A core concept of the world of Isaac's Story: London is the automation of everything. All physical labour is done by machines (except combat) and expert systems are able to do most of the knowledge work as well. By the time of The City (book 3) they're even taking over the creative industries.
Let's start with the physical: Could machines really take over all physical labour?
There is nothing a human can physically do that can't be done by a machine. Today we need specialist machines to complete individual human tasks - one machine that can run, one machine that can throw, one machine that can catch - but that's just engineering.
We are biological machines. We're very complex, but we're still machines. All that running, throwing and catching operates on simple principles that we understand completely, which is why we can replicate it. Better yet, when we replicate it we can make it better, and faster, and cheaper. It'll cost a billion dollars to create the first machine that can approximate the physical functionality of a human. The next model will be half that, then half that again. And they'll get better in the process.
They won't be smart enough to take over from humans on, say, the building of a skyscraper. There are too many dangerous and complex moving parts to that environment. But that isn't the question here. The question is, could they physically do what a person could do, assuming they had a brain? I can't see any reason why not, and I don't think it'll take that long to achieve. We're building them now and we're getting better at it as we go. There are stumbling blocks and difficult steps, but they aren't insurmountable. If it can be done by a squishy meat machine then we can replicate it, we just have to work out how.
They don't have to look like people, they just have to live in our world. They don't have to have hands or faces, just like planes don't have to flap their wings to fly. These are all engineering problems; we'll solve them for the military, or for the aged care industry, or for space exploration. There are pressures to get it right, and we've only got to solve it once. From there it gets easier and cheaper. It becomes unstoppable.
What about our great big brains? Don't we need a full, complex, general purpose AI to do what we do?
Being a chess master today means spending your life practicing, working hard, expanding your problem solving abilities and mastering the nuances of a game, only to be beaten by a mobile phone. We used to think chess mastery would require a complete AI, but it was just a series of problems we could write algorithms to solve. Now we treat it like it isn't a big deal because it no longer is. But once it was seen as impossible.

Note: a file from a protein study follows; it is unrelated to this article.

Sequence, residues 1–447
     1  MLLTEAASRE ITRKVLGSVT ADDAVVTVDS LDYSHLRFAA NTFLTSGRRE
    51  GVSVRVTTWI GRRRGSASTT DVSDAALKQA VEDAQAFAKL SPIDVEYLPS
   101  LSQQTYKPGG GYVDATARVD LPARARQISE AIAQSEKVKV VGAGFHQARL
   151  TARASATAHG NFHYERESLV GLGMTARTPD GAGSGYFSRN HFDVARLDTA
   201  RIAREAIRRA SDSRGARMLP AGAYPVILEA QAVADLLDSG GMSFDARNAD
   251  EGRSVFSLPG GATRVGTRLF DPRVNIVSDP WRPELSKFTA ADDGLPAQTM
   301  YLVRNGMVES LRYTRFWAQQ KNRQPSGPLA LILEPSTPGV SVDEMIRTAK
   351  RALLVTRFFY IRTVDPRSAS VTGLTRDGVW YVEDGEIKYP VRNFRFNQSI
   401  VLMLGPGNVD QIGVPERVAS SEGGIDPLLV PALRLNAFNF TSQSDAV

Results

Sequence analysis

More impressive is Watson. Until IBM pulled it off, until the moment that show went on the air, nobody thought what Watson did on Jeopardy could be done. It didn't require an AI, just processing power and algorithms. The machine doesn't need to understand what it does, it just needs to be smart enough to do it. It needs an algorithm it applies to input in order to produce the desired output.
Think most knowledge work can't be boiled down to input > algorithm > output? Tell that to the chess guys. IBM are moving Watson into fields more impressive than game shows. Read the Wikipedia article, knowledge workers, and shiver in your boots.
The world of Isaac's Story: London is based on the idea that we'll get machines capable of a full range of human motion, as well as the grandchildren of Watson capable of replicated the knowledge side of things. No need for AI, just complex systems running on powerful hardware.
Our friends from earlier working on that skyscraper? The machines might not be smart enough to deal with the environment, but they don't need to be. Put a brain on the ground and a powerful wireless network to connect it to the robots, and we've replaced the workforce. Those robots provide the input, the brain on the ground handles the algorithms, sending back the output. A building is constructed without a single person.
Agriculture used to tie up half the population; now we manage it on 5%. Those people moved on to factory work and the industrial revolution, and were replaced by assembly line robots. So they moved into the gaps where machines couldn't manage what a person could, or they moved into knowledge work.
In Isaac's Story: London, those gaps have been removed, and the knowledge work has followed. It's a world of 95% unemployment (and higher as the series goes on), but there's no fighting in the streets or widespread starvation. This is thanks to the social and governmental systems that form the final part of the foundation of the world.
But this is already too long so it'll have to wait until my next post. I've got art to do, before the machines are able to do it for me.
Go read a book.